This will be the seventh straight year that Kansas has been featured on GameDay as either the home or the road team. The last time Kansas was the home team for GameDay by itself was in 2013; the University was a host of a split show in February of 2015.
Saturday, the University also announced there will be a T-shirt giveaway for fans in attendance. There will be red, white and blue shirts given away, and they will be placed on the seats inside the stadium, similar to the Oklahoma State game in January of 2014.
The Jayhawks won that game in 2014 by two, as then-freshman Frank Mason III blocked a potential game-winning shot at the buzzer.
Like in that game, the University will be taking an “ultra-high-resolution 360-degree photo,” so fans can go back later and find themselves in the crowd. The photo will be available online Monday, February 1.
VOTE for Coach Self
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Big 12/College News
Jawun Evans attempted one of the strangest fade away jumpers you will ever see Saturday at Bramlage Coliseum. The Oklahoma State star twisted his body toward the basket, but leaned his weight away from it as he launched a shot high into the air and far away from his intended target.
The shot clock was nearing zero midway through the first half, and his desperation three-point heave resulted in a turnover that helped Kansas State amass a huge lead on its way to an 89-73 victory in front of sellout crowd.
The air ball was a microcosm of how much better the Wildcats were than the Cowboys.
…The win was so convincing that an Oklahoma State fan sitting in the third row grew so frustrated he began questioning the team he was there to support.
“How,” the fan shouted late in the second half, “did you guys beat Kansas?”
Vanderbilt is undoubtedly one of the most disappointing teams in college basketball, and their season didn't get any better on Saturday afternoon.
The Commodores fell to No. 23 Kentucky 76-57 as the Wildcats smothered Kevin Stallings' team defensively and just out-executed them with precision offensively. Vanderbilt shot 32 percent from the field and turned the ball over 12 times, compared to Kentucky shooting 55 percent with just seven turnovers.
Tyler Ulis had his second-straight 20-plus point outing as well, scoring 21 points and dishing out five assists. Jamal Murray also had a pretty nice day, scoring 18 and grabbing seven rebounds. These two combined to heavily outplay Vanderbilt's potential lottery pick Wade Baldwin, who went 1-of-9 from the field and turned the ball over five times while trying to create offense against the long Wildcat team.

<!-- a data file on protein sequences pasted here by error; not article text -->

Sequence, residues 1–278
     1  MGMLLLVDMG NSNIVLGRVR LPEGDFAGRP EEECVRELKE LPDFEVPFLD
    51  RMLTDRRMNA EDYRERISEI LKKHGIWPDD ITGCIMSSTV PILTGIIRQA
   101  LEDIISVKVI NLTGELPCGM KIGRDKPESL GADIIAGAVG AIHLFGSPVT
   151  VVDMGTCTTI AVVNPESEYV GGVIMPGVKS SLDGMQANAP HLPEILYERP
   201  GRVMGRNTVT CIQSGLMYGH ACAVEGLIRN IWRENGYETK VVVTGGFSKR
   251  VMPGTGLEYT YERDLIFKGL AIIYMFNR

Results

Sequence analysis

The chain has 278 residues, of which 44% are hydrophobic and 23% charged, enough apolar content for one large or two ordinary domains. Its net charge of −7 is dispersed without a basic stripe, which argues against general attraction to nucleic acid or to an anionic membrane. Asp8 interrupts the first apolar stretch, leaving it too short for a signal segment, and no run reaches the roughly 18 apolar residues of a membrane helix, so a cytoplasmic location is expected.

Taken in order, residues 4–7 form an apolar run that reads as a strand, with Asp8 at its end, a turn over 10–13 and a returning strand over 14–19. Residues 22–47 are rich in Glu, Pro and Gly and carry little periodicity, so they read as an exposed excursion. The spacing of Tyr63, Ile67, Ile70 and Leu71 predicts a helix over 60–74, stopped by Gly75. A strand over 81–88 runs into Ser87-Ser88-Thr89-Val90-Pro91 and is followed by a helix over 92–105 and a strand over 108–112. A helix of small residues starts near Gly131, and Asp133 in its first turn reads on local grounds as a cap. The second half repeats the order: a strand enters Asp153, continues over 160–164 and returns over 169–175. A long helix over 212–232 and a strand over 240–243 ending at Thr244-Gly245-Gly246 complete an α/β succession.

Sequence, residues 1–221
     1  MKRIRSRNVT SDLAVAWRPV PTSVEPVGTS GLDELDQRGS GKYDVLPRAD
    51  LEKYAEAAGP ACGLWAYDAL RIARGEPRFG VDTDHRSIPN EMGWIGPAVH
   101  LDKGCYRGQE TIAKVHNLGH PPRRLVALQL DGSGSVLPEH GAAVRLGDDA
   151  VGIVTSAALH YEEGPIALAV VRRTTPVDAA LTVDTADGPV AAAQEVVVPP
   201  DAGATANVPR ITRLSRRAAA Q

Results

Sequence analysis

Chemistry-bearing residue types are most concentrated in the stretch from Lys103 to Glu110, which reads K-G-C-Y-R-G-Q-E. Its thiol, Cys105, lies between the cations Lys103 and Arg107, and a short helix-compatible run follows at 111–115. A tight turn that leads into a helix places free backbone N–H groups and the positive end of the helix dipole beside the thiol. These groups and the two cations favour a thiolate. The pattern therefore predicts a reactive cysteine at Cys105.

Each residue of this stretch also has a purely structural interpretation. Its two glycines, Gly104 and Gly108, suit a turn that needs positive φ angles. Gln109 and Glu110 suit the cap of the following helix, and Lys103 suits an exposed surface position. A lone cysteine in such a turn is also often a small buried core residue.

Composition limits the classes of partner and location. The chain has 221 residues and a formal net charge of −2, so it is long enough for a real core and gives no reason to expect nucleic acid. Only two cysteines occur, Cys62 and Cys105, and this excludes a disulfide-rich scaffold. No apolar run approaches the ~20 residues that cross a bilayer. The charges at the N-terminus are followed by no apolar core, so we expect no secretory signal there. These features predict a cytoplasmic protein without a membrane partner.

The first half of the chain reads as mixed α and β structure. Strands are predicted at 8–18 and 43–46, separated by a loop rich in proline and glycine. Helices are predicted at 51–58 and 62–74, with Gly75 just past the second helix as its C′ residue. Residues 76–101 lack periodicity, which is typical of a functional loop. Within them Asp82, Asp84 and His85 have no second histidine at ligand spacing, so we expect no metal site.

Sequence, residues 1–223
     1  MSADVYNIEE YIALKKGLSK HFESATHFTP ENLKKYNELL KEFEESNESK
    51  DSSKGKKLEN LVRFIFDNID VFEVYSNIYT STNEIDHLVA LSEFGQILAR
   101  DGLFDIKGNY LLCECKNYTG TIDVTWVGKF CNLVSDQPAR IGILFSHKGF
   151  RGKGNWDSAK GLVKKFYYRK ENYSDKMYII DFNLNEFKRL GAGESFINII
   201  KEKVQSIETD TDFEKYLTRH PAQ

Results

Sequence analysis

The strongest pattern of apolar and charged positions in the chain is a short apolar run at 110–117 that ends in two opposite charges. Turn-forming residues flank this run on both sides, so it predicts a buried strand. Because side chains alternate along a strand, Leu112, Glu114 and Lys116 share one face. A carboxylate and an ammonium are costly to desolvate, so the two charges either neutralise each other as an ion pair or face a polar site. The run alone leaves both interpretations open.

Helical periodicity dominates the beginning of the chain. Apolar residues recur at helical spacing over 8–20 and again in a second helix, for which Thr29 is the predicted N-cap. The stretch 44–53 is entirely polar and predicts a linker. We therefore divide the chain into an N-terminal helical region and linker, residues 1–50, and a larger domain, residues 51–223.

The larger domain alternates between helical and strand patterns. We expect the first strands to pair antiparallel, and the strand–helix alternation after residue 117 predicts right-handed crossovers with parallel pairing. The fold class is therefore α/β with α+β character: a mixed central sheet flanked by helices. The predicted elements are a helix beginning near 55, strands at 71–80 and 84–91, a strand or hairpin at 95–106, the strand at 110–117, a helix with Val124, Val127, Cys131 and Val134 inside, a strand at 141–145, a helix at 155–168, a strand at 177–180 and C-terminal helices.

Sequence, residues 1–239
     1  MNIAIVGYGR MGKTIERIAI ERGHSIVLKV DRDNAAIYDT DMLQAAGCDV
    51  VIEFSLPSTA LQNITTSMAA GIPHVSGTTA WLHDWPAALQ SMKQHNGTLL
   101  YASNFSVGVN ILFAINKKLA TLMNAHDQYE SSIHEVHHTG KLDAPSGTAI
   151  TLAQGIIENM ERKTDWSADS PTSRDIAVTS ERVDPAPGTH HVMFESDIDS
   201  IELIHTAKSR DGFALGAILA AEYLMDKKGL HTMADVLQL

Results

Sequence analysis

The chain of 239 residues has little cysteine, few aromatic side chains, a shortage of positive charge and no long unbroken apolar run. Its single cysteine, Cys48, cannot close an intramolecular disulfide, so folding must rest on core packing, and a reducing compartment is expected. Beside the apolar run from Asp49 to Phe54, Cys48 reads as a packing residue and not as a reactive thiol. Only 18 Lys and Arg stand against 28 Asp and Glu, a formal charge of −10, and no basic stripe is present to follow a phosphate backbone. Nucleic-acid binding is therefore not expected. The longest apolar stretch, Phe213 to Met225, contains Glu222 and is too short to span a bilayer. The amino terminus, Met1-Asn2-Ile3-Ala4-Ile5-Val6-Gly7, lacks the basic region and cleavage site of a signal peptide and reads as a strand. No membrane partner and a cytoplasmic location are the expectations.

Kentucky has been really great this week, bouncing back nicely from its loss last weekend to Auburn. They're now 5-2 in the SEC, and look like the clear challenger to a now 7-0 Texas A&M team that looks like the favorite in the league.
Coming into the year, you would have thrown Vanderbilt into that conversation along with those two teams as SEC contenders. But right now, it's just about impossible to do that. The Commodores are a mess, and need to turn things around quickly if they want to even make a run toward the NCAA Tournament bubble.
Hillcrest Academy center DeAndre Ayton split his Saturday in Lawrence as a spectator and the main event.
A few hours after watching Kansas University defeat Texas at Allen Fieldhouse, the 6-foot-11 Phoenix prep became the main attraction Saturday night at Free State High, where the junior’s 35 points, 21 rebounds and eight blocked shots carried the Bruins to a 71-67 victory against Wichita’s Sunrise Christian Academy.
The No. 4-ranked high school junior in the nation according to Rivals.com, Ayton often exploded quickly off the floor to snatch rebounds out of the air and violently attack the rim, as KU coach Bill Self and assistant Kurtis Townsend watched from their court-side seats. Jayhawks Perry Ellis, Cheick Diallo and Dwight Coleby saw the show, too, as Ayton, a Bahamas native, abused the FSHS rims, with 11 savage dunks — eight coming on offensive rebounds.
Sunrise out-performed Ayton’s Hillcrest team much of the game, and the big man’s Bruins trailed 31-26 at halftime. But Ayton said he became more abusive toward the rim as the game grew more competitive. Much of the night, he dunked with the ease and authority of a child taking his frustrations out on the Nerf basket in his bedroom.
“It was personal,” Ayton said. “They were talking trash out there, and I tried to show them, you know, we’re gonna win this game, this is who I am, stuff like that.”
…His afternoon at Allen Fieldhouse required far less work. Ayton said he had a “pretty good” visit and enjoyed the atmosphere. Much like his Hillcrest team, KU had to rally on Saturday. The effect of the crowd left an impression on the center.
“I couldn’t hear myself, to be honest. I love stuff like that,” Ayton said. “I love playing in front of people. I love entertainment. And I just felt all the love with Kansas, like a player if I was there.”
Mobile and imposing on the court, Ayton said his interest in Kansas stems from the year Joel Embiid spent with the Jayhawks, because he liked how Self used the agile center.
Watching Ellis operate and score 26 points against Texas further piqued his interest: “It’s crazy. They have a lot of plays where they really went through him.”
Recruiting Calendar (updated for 2016)
Late Night in the Phog
Bill Self Camp KU Alumni games
60 Years of AFH Celebration
Legends of the Phog game
2011-12 Final Border War
KC Prep Invitational
and more, now on YouTube